1970 // USA // Daniel Haller // May 8, 2013 // DVD - MGM (2005)
Based On: “The Dunwich Horror” (1929)
[Note: This post contains spoilers. Part of a series on film adaptations of the works of H. P. Lovecraft.]
The 1970 film “The Dunwich Horror” was the third H. P. Lovecraft adaptation from legendary B-movie assembly line American International Pictures—fourth if one counts their distribution of Tigon’s Curse of the Crimson Altar. Unlike AIP’s The Haunted Palace (1963) and Die, Monster, Die! (1965), which possess a dose of timeless gothic stateliness, The Dunwich Horror feels unequivocally like a horror film that could only have been made in 1970. Its screenplay might be adapted from a story originally published in 1929, but The Dunwich Horror is riddled with post-60s anxieties. Certainly, the plot has a Manson Family flavor: the villain is an offbeat yet alluring stranger who murmurs Free Love bromides but is secretly a malevolent occultist, and he employs mind-control mojo to enthrall a naïve coed for his apocalyptic schemes. The film’s vintage is also apparent in its eccentric style, which draws from 2001: A Space Odyssey, Barbarella, and Rosemary’s Baby (all 1968) in shallow but unmistakable ways.
In terms of literary pedigrees, a low-budget horror feature could scarcely do better than Lovecraft’s short story, which is regarded as a central work in his Cthulhu Mythos cycle. The villains of the tale are members of the loathsome Whateley family, a degenerate clan dwelling on the outskirts of the New England village of Dunwich. One of several corrupt, faintly inhuman bloodlines to populate Lovecraft’s fiction, the Whateleys are widely known among the local populace as a tribe of warlocks and devil-worshippers. The events of “The Dunwich Horror” concern the emergence of Wilbur Whateley, spawn of the albino imbecile Lavinia and an unidentified father, later revealed to be the Outer God known as Yog-Sothoth. Wilbur’s preternatural parentage is apparent in his alarmingly rapid growth to adulthood and in his affinity for black magic, the latter encouraged by his maternal grandfather. The young Whateley’s unsavory occult research eventually brings him into conflict with Miskatonic University librarian Dr. Henry Armitage, who manages to trammel the madman’s schemes. Unfortunately, Wilbur’s subsequent demise—by the jaws of a university guard dog, no less—unleashes a hidden monstrosity at the old Whateley farm. The titular Horror of the story is a colossal, invisible abomination once bound and satiated by the family’s arcane rituals, and upon Wilbur's death it bursts forth to maraud across the New England countryside.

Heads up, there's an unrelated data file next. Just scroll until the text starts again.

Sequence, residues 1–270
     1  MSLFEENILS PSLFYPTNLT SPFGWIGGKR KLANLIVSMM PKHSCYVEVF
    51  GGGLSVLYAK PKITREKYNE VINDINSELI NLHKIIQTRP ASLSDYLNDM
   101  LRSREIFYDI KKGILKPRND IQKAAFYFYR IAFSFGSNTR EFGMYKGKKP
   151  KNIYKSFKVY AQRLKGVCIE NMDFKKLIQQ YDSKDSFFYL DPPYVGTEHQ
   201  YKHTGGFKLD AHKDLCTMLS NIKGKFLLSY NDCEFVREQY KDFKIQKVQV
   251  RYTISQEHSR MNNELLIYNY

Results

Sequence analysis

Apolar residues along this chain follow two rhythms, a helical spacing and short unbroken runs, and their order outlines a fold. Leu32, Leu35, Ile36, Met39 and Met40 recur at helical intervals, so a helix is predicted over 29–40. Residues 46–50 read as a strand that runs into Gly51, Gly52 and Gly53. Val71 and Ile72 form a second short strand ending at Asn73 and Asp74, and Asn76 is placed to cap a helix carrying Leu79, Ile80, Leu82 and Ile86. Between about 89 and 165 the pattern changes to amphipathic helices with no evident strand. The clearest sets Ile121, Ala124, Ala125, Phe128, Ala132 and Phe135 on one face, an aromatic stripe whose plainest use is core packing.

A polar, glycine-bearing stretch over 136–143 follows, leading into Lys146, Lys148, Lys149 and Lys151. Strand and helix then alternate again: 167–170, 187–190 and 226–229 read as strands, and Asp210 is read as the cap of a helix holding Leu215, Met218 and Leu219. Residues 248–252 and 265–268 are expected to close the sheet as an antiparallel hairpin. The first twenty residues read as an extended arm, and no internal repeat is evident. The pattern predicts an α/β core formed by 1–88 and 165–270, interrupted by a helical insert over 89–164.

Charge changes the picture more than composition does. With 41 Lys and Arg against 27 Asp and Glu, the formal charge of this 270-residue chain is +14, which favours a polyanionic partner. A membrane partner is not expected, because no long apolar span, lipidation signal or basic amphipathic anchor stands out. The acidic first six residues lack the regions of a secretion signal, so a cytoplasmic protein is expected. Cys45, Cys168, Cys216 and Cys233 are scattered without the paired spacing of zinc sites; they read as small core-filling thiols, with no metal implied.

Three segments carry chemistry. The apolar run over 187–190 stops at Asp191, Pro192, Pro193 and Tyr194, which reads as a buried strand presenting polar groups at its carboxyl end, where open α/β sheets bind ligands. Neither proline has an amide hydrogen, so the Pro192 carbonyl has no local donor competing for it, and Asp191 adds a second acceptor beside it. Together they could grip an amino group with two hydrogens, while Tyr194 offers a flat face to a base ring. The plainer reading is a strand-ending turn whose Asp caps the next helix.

While narratively straightforward, “The Dunwich Horror” is a thematically intricate monster tale. Lovecraft’s story draws heavily from the works of Welsh writer Arthur Machen, and in particular from the latter author’s renowned fantasy-horror novella, The Great God Pan. That work’s conceit of an aberrant god-spawn recurs in “Dunwich,” although Lovecraft places it into the context of his own alien mythology rather than Machen’s Victorian paganism. While Lovecraft’s story touches upon several strains of physical, psychological, and existential horror, its chilling core turns on a well-worn campfire tale technique: the slow reveal of the Creature in a manner that inspires maximum terror. From the outset, it is obvious to the reader that something unspeakable is concealed at the Whateley farm, and that it will eventually appear in all its writhing, blasphemous glory. Like many Lovecraft stories, “Dunwich” is told in the third-person omniscient past tense, and the author ruthlessly exploits early hints that Something Bad has befallen Dunwich in order to create a sensation of swelling doom.